Can you claim a prison inmate as a dependent?

May 14, 2014 by Dave Du Val, EA
Handcuffs laying on a 1040 form

Hey Dave,

My son was arrested in December of 2012 and spent the entire year of 2013 in jail awaiting trial. During that year I paid his attorney fees, car payments, car insurance, and his per diem charges at the jail plus phone charges and commissary fees. He earned $0 for the year. Can I still claim him as a dependent?

Martin

 

Martin,

I salute your caring enough to not give up on someone who may have made a mistake. I hope your son appreciates your efforts.

Now for the tax question: sadly, if your son was 19 or older in 2013 you will probably not be able to claim him as a dependent for 2013 (you may have been able to claim him in 2012 if all the other requirements and rules were met).

There was a Tax Court case in 2002 (T.C. Memo 2002-258) that addressed this issue. You would have to show that you supported your son over 50%, and as the state or federal government “paid” for his medical, room and board, etc., it would seem unlikely that you paid over 50%.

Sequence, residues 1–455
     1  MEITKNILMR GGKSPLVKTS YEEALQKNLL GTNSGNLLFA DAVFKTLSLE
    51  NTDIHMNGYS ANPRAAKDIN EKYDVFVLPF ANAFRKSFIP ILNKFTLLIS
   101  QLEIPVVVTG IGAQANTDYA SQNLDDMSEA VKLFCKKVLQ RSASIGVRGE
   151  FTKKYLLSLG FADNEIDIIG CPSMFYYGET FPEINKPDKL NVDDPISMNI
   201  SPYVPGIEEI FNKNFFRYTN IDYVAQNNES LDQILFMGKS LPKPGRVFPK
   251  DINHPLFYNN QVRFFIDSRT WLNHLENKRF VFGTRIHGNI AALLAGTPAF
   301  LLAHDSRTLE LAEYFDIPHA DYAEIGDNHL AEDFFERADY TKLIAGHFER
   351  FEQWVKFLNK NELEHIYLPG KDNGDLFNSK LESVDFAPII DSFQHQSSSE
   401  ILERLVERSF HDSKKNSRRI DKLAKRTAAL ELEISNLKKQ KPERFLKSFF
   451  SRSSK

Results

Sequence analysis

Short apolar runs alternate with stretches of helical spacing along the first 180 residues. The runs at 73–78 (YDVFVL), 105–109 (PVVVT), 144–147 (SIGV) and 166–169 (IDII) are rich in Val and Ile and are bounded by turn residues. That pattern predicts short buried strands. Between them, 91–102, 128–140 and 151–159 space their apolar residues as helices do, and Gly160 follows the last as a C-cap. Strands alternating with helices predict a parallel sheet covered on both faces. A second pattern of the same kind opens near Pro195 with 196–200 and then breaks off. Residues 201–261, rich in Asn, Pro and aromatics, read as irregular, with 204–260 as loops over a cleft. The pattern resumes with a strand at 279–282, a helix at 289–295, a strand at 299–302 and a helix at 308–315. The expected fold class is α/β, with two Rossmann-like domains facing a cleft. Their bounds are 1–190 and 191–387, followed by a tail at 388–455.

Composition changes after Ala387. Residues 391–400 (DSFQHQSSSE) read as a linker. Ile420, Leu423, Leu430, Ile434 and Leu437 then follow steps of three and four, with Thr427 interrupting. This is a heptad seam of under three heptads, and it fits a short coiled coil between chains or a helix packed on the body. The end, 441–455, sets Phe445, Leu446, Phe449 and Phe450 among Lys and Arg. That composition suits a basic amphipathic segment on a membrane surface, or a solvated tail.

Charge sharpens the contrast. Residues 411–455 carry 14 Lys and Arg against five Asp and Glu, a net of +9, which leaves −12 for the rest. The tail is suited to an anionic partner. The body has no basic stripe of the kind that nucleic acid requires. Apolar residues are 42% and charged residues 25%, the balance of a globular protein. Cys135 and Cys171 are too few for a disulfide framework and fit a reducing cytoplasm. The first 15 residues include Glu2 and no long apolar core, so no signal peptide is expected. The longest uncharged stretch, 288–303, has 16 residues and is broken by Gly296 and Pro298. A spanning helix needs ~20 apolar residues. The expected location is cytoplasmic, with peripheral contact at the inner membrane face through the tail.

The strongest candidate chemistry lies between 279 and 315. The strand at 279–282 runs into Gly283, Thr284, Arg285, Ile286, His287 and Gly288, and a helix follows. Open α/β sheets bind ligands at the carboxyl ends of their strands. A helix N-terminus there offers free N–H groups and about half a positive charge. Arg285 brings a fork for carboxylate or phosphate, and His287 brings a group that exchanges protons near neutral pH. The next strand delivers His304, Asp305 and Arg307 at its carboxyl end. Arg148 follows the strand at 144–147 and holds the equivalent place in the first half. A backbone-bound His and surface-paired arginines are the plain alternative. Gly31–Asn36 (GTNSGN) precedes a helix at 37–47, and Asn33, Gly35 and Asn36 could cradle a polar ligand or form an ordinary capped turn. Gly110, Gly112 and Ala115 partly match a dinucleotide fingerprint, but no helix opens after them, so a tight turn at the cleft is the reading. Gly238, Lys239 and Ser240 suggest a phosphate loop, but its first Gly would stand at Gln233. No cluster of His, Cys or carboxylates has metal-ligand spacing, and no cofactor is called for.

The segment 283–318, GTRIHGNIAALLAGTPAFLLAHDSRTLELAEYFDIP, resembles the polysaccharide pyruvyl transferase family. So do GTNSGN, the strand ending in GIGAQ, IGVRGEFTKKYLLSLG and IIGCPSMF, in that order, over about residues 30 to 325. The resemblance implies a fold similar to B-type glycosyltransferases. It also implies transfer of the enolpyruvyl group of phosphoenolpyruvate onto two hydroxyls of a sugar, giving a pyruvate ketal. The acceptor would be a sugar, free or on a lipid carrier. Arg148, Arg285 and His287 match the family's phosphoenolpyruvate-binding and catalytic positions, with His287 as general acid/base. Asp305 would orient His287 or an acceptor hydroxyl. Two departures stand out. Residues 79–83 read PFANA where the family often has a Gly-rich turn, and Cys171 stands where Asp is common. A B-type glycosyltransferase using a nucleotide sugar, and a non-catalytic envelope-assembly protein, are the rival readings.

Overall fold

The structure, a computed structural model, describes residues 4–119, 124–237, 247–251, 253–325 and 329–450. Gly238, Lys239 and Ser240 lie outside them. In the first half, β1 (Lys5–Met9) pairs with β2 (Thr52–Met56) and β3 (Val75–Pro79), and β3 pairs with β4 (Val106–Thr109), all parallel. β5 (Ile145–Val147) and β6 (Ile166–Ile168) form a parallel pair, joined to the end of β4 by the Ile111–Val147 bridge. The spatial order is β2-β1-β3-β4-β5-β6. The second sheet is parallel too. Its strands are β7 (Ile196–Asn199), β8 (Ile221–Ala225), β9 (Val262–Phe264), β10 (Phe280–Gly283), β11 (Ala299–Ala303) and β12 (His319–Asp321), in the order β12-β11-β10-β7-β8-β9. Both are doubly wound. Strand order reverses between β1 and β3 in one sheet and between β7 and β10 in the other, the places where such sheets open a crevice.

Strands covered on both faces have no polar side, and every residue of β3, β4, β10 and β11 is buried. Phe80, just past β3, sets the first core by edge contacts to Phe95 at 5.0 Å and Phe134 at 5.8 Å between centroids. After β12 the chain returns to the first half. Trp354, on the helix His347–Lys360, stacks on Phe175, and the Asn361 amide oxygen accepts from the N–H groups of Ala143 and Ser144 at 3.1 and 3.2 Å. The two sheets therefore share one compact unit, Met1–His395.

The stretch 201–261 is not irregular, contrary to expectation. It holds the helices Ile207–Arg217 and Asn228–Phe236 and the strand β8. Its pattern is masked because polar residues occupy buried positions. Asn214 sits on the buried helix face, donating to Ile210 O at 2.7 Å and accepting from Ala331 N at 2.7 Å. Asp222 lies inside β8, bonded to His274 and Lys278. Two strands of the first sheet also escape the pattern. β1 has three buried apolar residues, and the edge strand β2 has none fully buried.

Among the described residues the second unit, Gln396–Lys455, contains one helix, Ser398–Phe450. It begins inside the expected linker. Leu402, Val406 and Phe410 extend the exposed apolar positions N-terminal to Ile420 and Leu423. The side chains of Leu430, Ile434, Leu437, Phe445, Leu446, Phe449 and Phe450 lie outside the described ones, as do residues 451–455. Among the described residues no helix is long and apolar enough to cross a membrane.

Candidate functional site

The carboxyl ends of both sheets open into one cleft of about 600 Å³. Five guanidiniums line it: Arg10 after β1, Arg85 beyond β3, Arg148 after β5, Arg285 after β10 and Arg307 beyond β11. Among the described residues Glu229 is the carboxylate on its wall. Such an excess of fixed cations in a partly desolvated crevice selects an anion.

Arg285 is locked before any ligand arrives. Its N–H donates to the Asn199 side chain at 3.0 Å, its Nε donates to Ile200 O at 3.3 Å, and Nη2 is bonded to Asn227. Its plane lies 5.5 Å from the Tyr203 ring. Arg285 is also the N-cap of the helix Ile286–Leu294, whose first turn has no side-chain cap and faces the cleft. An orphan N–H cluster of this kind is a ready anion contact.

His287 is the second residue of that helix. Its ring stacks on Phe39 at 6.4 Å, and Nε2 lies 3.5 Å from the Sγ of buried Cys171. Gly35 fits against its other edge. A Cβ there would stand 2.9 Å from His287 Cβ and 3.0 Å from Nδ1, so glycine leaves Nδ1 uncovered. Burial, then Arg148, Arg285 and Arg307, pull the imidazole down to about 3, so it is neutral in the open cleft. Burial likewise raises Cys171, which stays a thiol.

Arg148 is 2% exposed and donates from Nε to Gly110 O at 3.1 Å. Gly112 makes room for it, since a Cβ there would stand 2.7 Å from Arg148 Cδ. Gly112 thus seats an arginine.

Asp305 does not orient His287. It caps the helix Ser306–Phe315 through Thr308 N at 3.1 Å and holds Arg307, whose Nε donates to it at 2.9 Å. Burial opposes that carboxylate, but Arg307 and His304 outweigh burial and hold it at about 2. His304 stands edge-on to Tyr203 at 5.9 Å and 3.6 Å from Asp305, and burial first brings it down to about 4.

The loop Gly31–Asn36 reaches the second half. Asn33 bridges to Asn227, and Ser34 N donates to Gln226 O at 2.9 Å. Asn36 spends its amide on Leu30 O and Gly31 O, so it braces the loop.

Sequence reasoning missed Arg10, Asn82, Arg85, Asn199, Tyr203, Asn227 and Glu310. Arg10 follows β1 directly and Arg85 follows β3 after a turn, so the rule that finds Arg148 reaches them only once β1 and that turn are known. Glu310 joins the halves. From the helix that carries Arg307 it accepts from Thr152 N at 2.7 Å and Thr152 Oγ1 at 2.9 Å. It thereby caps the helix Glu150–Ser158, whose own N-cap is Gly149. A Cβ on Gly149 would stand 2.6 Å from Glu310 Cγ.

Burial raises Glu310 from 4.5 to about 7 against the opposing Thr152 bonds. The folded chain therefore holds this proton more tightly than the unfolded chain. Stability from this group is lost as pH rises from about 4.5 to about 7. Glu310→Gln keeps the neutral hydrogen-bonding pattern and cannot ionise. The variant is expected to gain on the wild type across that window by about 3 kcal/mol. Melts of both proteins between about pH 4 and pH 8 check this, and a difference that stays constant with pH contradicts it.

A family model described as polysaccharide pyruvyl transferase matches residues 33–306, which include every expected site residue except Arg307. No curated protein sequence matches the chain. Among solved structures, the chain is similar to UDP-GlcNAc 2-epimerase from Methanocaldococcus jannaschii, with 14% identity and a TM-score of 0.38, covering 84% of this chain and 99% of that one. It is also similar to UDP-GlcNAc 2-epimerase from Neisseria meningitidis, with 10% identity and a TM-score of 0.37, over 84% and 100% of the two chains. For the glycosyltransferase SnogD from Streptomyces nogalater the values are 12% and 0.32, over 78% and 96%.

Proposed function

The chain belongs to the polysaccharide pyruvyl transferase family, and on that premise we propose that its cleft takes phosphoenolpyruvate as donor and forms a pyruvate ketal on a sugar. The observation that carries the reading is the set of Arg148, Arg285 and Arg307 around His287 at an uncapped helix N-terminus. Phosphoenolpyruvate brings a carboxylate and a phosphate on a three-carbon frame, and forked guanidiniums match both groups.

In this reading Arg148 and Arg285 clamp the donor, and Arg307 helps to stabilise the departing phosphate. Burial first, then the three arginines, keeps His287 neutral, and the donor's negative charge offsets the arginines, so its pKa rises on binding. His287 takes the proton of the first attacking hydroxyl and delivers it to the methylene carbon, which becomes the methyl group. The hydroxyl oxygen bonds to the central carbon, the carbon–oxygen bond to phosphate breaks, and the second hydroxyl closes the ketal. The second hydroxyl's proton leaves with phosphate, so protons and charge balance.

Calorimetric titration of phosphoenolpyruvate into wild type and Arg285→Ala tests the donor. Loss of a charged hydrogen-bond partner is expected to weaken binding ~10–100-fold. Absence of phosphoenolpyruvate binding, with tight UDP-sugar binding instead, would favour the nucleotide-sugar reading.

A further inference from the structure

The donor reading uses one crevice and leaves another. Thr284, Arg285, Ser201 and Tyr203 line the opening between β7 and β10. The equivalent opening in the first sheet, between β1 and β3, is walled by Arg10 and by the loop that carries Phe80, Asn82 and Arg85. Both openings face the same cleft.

Also, money, food, clothing, etc. that is sent to a person in prison is considered a gift and, as you know, gifts are not tax deductible.

If your son was younger than 19 years-old in 2013, lived with you before the arrest, and intended to move back-in with you if not convicted, he may still qualify as your dependent. This is because the support test for a qualifying child is that the child does not provide over half of his or her own support, and, in general, temporary absences due to certain special circumstances are not considered being absent from the home. Keep in mind that he would have to meet all of the other tests to be your qualifying child.

Deductibly Yours,

Dave

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